Here's the obligatory alligator:
An anhinga shows its lovely patterning:
A few more photos are behind the cut.
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The Everglades is suffering from human interference with the natural sheet flow of water southward into it because of the canalization and drainage for agriculatural purposes. There are some efforts underway to mitigate the problem in places but anything large scale would need to take on the highly-subsidized and powerful sugar industry.
Friday, 24 January 2014
Happy Birthday la_penguinita!!!
May the coming year bring good things.
Tuesday, 21 January 2014
|05:54 pm - A winter day |
Winter in Washington can be peculiar. Yesterday temps were in the mid-50s. Today it's been snowing all day with a steady drop in temperature to the mid-20s. It's on the way to the single digits overnight. High winds expected. The snow accumulation will probably be less than 5 inches here in town.
This morning, as condo president, I had to deal with the plumber who takes care of our hot water heating system. Our 4-story, 8-unit building is 105 years old with mysterious ways and we've had a problem with the top floor radiators going cold. He added water and this time upped the pressure so the top-floor residents should be OK during the coming extreme cold. Fingers crossed that it doesn't fall over again.
I've been making lists and sorting through STUFF in preparation for leaving Winter behind for 10 days. I'm flying to West Palm Beach Friday to join a group of nature-lovers intent on exploring the wonders of south Florida. I'm looking forward muchly to my first visit to the Everglades.
Wednesday, 15 January 2014
|02:28 pm - cute stuff|
Yesterday I stopped by the National Zoo to see Bao Bao, the 4-month old panda cub. This week members of FONZ (Friends of the National Zoo) have the opportunity to visit Bao Bao before the general public viewing begins on 18 January. On my way to the panda house in the morning I had great views of the fishing cats, asian otters, and red pandas. Unfortunately the cub was napping out of sight when I got there and I decided to come back at 1:30 when we were told that the keepers would bring Bao Bao out for a training session. I'm glad I came back--Bao Bao was adorable and she stayed in view for a half hour before returning to her napping spot. She sleeps about 20 hours a day.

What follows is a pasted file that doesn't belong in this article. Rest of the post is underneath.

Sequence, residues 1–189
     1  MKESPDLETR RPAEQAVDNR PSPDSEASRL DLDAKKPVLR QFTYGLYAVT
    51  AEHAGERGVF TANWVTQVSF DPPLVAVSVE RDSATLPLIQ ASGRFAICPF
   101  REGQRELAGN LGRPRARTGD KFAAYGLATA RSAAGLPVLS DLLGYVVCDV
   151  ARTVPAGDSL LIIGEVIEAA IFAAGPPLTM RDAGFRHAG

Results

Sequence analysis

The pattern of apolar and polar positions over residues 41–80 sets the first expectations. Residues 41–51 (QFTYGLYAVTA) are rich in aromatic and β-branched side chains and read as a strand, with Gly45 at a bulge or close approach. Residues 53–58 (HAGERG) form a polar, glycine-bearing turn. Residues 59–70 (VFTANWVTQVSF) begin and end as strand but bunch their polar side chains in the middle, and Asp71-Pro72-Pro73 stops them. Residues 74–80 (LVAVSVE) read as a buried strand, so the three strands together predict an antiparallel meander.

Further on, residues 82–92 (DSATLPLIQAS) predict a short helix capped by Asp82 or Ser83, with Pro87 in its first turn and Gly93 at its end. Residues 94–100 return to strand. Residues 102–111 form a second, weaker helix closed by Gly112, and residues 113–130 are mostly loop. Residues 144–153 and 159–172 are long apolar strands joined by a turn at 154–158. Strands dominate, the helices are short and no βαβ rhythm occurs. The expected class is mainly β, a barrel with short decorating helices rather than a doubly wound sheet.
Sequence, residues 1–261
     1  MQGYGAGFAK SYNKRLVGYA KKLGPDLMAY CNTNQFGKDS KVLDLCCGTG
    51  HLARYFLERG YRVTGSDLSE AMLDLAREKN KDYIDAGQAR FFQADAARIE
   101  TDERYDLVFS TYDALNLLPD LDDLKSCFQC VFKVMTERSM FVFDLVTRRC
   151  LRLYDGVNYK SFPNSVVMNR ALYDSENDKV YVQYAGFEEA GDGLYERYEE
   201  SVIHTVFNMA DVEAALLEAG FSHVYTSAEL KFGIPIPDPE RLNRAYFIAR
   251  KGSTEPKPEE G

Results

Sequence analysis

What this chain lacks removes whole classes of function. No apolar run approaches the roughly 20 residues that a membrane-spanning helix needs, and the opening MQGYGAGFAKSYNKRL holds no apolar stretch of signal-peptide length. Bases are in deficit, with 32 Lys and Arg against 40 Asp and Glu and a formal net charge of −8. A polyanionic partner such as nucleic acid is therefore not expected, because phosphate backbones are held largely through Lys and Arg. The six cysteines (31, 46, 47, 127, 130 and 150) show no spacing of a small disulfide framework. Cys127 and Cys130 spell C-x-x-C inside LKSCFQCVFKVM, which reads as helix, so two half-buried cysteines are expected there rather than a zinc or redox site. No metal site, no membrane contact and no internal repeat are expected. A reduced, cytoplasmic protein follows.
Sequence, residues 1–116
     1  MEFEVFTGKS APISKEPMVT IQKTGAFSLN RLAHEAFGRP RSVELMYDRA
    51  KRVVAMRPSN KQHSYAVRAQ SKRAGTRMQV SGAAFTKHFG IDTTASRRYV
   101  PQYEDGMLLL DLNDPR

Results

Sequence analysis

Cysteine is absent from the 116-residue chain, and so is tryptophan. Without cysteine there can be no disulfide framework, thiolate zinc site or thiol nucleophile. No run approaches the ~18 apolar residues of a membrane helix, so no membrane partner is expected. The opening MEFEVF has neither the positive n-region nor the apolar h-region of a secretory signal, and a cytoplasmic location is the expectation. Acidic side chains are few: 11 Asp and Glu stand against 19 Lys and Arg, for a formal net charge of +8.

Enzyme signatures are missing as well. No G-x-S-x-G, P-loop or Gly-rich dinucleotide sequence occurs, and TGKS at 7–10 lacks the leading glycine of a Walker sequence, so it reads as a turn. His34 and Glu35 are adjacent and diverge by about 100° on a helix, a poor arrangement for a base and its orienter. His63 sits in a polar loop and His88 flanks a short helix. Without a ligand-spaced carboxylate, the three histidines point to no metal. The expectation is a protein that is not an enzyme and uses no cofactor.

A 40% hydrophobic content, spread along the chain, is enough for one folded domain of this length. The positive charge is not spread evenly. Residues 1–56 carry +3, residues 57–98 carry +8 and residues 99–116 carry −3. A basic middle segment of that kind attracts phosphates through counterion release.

My camera didn't cope well with the lighting and glass enclosure.
She's an 18 pound ball of fluffiness. Good pictures here.
Last Wednesday I did a nature walk with the Audubon Naturalist Society. It was cold but nothing compared to the day before. We were all dressed for a polar expedition. It was sunny and calm so we weren't cold at all.
This red-shouldered hawk was all puffed up against the cold:
The hawk flew to another tree:
The highlight of the day was seeing this barred owl, soaking up the sun from a tree cavity:
Owls are rarely seen and there's something so special about them.
Saturday, 21 December 2013
|07:21 am - First day of Winter|
The weather is quite mild today--not wintry at all but that's fine with me. I fly to Michigan tomorrow where winter is real. Today I'll be puttering around preparing for my trip and giving the cats extra scritches.
Yesterday morning I walked along the C&O canal. Four miles, four hours. I walked alone because my usual companion on these Friday walks couldn't come and the other occasional walker broke her leg two weeks ago. (Rotten luck. Homes are dangerous places. Be careful).
I found intense quiet joy moving at my own slow pace, concentrating on the sights and sounds of the winter woods. I saw and identified 21 species of birds. I'm pleased that I'm beginning to recognize the usual suspects. Usually I'm out with people who are better birders and I rely on their ID.
I had good long looks at a couple of favorite birds: the tiny elusive winter wren and the big spectacular pileated woodpecker.
Holiday best wishes to all of you.
Monday, 16 December 2013
Happy Birthday pperiwinkle!!!